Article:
Tuesday, 28 August 2018

Texas jury finds ex-police officer guilty of murdering black teen

AUSTIN, Texas (Reuters) - A Texas jury on Tuesday found a white former policeman guilty of murder for fatally shooting a black teenager in a car moving away from him in a 2017 case in a Dallas suburb that fueled a national debate over possible racial bias in U.S. policing.
The police officer, Roy Oliver, 38, was fired by the Balch Springs Police Department for violating department policy a few days after he fatally shot Jordan Edwards, 15, a standout high school student and athlete. Edwards was shot in the head.
The conviction was a rare instance in which an officer was found guilty of murdering an unarmed person. Oliver faces up to life in prison; sentencing will come later.
Oliver, along with another officer, had responded to reports of underage drinking at a house party in the predominantly black and Hispanic city of Balch Springs, about 15 miles (25 km) southeast of Dallas. Oliver fired his rifle several times into a car with several other teens inside, prosecutors said.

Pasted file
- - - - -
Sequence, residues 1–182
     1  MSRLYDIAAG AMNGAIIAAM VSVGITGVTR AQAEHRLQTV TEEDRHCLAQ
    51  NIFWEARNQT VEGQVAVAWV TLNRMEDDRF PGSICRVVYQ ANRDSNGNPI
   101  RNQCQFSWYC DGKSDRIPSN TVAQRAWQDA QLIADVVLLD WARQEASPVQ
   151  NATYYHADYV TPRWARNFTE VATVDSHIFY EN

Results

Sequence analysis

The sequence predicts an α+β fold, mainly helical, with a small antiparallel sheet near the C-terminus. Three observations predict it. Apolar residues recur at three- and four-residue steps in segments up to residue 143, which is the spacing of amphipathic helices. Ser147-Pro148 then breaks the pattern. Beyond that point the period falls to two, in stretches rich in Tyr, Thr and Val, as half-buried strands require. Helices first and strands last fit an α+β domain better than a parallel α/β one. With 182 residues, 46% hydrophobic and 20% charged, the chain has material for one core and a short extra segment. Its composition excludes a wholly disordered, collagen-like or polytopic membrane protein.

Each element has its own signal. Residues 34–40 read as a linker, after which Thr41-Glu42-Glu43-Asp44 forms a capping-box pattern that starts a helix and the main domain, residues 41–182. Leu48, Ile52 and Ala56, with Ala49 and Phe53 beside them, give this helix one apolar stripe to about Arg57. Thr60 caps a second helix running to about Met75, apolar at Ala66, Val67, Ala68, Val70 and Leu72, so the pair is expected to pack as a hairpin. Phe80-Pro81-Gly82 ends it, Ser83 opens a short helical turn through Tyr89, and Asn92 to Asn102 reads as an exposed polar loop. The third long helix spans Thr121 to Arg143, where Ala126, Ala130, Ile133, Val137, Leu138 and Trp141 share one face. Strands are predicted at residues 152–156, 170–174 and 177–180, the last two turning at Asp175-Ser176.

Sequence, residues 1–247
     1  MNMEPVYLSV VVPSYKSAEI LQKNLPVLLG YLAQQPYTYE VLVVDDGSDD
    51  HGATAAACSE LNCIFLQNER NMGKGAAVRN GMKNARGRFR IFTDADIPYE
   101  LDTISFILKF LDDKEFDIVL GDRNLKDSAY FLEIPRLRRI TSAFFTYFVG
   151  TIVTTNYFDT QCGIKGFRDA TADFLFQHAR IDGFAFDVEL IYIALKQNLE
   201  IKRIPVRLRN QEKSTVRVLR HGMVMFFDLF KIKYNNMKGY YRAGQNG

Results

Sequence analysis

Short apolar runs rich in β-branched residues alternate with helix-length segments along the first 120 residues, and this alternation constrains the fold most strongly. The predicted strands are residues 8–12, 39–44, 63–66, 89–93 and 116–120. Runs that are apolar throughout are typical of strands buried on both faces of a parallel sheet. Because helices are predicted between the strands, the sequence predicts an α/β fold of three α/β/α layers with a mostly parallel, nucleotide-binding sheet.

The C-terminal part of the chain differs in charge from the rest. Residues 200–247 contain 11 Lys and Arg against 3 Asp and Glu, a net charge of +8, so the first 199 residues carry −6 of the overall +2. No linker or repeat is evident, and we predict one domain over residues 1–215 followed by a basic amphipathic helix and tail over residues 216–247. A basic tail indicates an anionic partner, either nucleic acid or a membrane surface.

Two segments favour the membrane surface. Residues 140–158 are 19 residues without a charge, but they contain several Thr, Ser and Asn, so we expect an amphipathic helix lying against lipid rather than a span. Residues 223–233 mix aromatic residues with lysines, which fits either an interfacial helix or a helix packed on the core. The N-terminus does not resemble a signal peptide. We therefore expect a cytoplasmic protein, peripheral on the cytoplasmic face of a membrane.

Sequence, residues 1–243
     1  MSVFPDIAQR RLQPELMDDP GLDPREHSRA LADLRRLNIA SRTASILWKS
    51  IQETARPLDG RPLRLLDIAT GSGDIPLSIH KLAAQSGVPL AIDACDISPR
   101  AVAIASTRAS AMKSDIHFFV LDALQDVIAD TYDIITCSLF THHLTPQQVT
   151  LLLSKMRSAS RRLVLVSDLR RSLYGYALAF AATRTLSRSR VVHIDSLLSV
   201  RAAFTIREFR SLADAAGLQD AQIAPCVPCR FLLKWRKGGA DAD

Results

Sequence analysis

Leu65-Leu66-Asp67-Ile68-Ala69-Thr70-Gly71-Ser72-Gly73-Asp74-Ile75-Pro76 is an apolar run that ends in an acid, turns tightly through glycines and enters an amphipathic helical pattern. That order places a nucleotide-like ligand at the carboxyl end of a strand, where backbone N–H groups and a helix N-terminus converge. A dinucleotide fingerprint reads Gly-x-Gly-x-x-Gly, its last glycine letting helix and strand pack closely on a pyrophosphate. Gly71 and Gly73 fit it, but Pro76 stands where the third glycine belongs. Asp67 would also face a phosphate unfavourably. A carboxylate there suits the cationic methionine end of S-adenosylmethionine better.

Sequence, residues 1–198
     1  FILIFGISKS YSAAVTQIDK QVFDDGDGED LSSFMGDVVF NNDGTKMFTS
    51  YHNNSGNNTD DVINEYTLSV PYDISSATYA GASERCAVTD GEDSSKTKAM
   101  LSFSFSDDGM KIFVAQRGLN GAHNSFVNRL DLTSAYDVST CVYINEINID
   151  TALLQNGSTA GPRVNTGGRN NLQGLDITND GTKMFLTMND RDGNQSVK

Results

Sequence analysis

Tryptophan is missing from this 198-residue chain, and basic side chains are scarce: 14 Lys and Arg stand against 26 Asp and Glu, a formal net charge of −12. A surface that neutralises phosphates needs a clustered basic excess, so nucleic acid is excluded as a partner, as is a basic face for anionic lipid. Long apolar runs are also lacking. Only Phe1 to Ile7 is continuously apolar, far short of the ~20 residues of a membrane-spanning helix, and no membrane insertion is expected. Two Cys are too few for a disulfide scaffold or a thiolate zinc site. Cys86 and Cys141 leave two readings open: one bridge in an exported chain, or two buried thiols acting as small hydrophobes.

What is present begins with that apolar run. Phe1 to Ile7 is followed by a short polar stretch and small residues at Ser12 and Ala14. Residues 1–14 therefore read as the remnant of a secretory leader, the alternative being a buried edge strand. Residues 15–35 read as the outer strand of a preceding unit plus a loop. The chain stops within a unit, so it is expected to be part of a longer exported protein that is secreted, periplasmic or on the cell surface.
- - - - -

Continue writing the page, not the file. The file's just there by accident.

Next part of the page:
The jurors deliberated for about 12 hours over two days before reaching its verdict, following a trial that started in mid-August.
First Assistant District Attorney Michael Snipes said Oliver was a trigger-happy policeman who sent the teenager to an early grave.
"This guy is an angry, out-of-control, walking bomb," Snipes said in closing arguments.
The arrest warrant for Oliver said he and the other officer tried to stop a car at an intersection near the party. The other officer broke a passenger window with the butt of his gun.
Police body camera images showed to jurors indicated that the car was moving away from Oliver when he fired at it.
Oliver's defense attorney, Jim Lane, said the vehicle was a threat to Oliver's partner that night and he reacted to save his partner by firing into the car.
"Roy Oliver reasonably made the decision that he had to make," Lane said in closing arguments.
Video footage shown in court showed the car was pointed away from the officers at the time of the incident, and still frames from body camera footage showed that Oliver turned his body to follow the car after it had passed by his partner and kept shooting, the Dallas Morning News reported from the courtroom.
Two of Edwards’ brothers were in the car with him and watched him die, a family lawyer said.

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